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How Confidential Is Therapy?

If you’ve never been in counseling before, you may be apprehensive about whether the issues you discuss in therapy are confidential. If you are hesitant about seeking therapy to privacy concerns, these facts about confidentiality will put your mind at ease and help you speak openly and honestly.

Confidentiality

People seeking therapy need to feel safe and comfortable talking about their lives and feelings without worrying information will be shared with others. Mental health professionals understand this and highly value the need for client confidentiality. In fact, they are bound to adhere to it by a code of ethics.

HIPAA

The Health Insurance Portability and Accountability Act (HIPAA) protects patients’ medical records and personal health information. At your first therapy session, your provider should give you a written copy of privacy policies outlining how your personal information is handled. Your therapist may ask for your written consent to share information or discuss your care with your other health care professionals.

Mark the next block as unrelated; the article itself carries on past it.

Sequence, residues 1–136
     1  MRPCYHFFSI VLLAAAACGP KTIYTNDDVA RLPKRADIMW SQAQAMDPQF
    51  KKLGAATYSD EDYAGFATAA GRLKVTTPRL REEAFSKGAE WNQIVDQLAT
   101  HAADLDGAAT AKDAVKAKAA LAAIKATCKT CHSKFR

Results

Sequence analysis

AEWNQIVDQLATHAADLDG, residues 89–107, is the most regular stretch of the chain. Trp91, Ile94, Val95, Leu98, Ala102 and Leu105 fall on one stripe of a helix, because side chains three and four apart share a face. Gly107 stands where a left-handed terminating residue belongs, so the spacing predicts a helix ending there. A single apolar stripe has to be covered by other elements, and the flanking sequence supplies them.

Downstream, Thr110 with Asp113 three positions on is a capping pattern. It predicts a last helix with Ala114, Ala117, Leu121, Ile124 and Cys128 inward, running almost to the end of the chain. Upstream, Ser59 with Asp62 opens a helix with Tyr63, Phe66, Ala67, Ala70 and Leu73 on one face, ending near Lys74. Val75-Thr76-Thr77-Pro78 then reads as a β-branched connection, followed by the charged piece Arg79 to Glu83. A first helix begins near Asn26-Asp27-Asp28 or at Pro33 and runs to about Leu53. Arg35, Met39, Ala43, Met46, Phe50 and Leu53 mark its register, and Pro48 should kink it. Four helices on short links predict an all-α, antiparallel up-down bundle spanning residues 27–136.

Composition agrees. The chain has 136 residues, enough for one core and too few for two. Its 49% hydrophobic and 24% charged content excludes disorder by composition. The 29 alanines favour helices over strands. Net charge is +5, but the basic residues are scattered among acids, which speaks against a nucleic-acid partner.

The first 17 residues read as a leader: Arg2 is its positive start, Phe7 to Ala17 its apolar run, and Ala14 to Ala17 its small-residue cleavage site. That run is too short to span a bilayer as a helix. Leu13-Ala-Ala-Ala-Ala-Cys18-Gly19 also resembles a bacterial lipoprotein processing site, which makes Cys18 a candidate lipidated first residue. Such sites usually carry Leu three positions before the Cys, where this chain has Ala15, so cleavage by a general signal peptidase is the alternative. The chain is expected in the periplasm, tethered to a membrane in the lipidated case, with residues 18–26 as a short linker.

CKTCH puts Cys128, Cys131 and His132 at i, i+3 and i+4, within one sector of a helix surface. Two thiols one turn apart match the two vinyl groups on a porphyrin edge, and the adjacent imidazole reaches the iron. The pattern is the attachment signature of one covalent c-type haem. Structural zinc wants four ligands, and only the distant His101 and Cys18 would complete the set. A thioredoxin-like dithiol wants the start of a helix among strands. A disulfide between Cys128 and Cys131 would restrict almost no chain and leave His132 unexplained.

Privacy Rule Exceptions

Insurance Companies

Your mental health provider must share some information about your diagnosis and treatment plan with your health insurance company so they can determine which services are covered. However, the insurance company is required to keep this information confidential, according to HIPAA standards. If you decide to avoid filing an insurance claim and pay out-of-pocket for therapy instead, your insurance company most likely will not be informed of the mental health services you receive.

If your health insurance is through your employer, you can rest assured your employer will not have access to information about the health care services you receive. However, if your company offers an Employee Assistance Program (EAP), it’s best to speak with your human resources department about privacy.

Minors and Adult Children on Parents’ Insurance

Each state has different laws regarding the age at which young people can seek mental health services without parental consent. Mental health providers who treat kids under the age of 18 often meet with both the child and his or her parents at the first visit to set ground rules for privacy. If you are over 18 and use your parents’ insurance, it’s important to keep in mind they may receive an Explanation of Benefits (EOB) outlining the services you received. However, they cannot access your records or discover what you talked about during your therapy sessions.

For over 10 years, Kayenta Therapy has been helping people acquire the tools they need to find greater growth and joy. If you’re ready to start therapy, contact a therapist to schedule an appointment.